12:00 AM
 | 
Mar 26, 2007
 |  BioCentury  |  Politics, Policy & Law

The price of pristine

When FDA's Cellular, Tissue and Gene Therapies Advisory Committee meets this week to discuss whether the agency should approve the first cancer vaccine, a product that could establish proof of principle for an important new therapeutic class, several of the votes will be cast by internationally respected experts who were invited to join the committee on an ad hoc basis because of their specific expertise.

The picture might look quite different if FDA's new draft guidance for determining conflict of interest and eligibility for participation on its advisory committees were in force. Under the proposed policies, three of the invited experts probably would be ineligible to vote on Provenge sipuleucel-T from Dendreon Corp. (DNDN, Seattle, Wash.). And two might be completely barred from participating in the discussions.

The new, more stringent criteria for participating in advisory committee meetings will limit or preclude the participation of "a significant fraction" of serving committee members, Associate Commissioner for Policy and Planning Randall Lutter told reporters last week.

The policies are needed "so that the public has confidence in the integrity of the recommendations" made by the committees, Lutter said. They are intended to strike a balance between "having the best possible access to scientific experts who may by the nature of their work have had ties to private industry that is driving biomedical innovation in this country, and at the same time seeking to ensure we have the fullest public confidence in our advisory committee process."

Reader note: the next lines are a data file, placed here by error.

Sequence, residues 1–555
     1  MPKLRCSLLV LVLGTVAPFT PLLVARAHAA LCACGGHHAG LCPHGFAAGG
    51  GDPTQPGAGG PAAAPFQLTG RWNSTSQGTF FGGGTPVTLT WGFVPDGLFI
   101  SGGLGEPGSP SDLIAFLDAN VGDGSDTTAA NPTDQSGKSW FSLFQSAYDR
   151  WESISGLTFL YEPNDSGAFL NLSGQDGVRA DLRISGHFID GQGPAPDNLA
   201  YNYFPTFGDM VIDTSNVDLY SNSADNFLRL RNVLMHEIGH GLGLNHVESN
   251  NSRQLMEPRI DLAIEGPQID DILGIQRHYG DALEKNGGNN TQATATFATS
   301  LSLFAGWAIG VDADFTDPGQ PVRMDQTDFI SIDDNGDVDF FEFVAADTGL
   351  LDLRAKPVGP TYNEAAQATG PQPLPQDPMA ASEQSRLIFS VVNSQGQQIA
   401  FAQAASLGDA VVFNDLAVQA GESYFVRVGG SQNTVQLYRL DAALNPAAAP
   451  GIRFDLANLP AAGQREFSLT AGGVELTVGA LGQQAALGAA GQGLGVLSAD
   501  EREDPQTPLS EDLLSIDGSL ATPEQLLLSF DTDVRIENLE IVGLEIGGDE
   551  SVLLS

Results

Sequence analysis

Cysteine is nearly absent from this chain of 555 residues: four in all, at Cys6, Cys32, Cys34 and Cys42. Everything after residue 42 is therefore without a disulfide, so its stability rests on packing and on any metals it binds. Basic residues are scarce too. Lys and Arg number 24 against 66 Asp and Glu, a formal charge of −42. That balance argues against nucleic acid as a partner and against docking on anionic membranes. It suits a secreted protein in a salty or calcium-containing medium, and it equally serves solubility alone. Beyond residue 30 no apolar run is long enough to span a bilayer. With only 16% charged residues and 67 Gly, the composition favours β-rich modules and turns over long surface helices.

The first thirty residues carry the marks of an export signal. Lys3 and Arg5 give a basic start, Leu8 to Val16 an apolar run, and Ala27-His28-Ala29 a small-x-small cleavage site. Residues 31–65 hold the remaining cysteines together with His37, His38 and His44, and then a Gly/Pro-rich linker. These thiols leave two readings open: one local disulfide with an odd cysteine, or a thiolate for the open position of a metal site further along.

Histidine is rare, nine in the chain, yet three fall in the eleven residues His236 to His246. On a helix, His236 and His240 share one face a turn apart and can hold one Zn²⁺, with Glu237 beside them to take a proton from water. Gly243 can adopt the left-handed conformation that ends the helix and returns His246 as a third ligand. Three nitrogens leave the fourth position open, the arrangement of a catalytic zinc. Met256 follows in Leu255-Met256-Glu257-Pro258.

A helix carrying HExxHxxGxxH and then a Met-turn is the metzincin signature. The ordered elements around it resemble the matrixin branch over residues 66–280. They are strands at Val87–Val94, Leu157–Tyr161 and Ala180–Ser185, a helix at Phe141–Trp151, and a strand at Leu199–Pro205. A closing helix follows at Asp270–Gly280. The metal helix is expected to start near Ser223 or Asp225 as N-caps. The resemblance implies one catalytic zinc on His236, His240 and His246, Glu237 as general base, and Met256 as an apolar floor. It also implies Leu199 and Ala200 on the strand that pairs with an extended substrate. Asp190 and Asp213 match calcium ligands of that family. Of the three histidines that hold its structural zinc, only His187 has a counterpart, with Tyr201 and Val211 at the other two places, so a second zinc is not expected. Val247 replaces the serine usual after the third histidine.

FDA critics praised the announcement as vindication of their claims that the advisory process has been corrupted, while some former senior agency officials warned it will harm public health by preventing or deterring highly qualified scientists from participating on committees.

New filters

The draft guidance replaces previous policies, which did not spell out criteria for granting waivers from government COI regulations, with an algorithm for determining eligibility to participate (see "Conflict-of-Interest Algorithm," A18).

Generally, the decision tree would exclude individuals who have financial interests of $50,000 or more that might be directly affected by a meeting's outcome - or have had such interests in the previous 12 months.

In addition...

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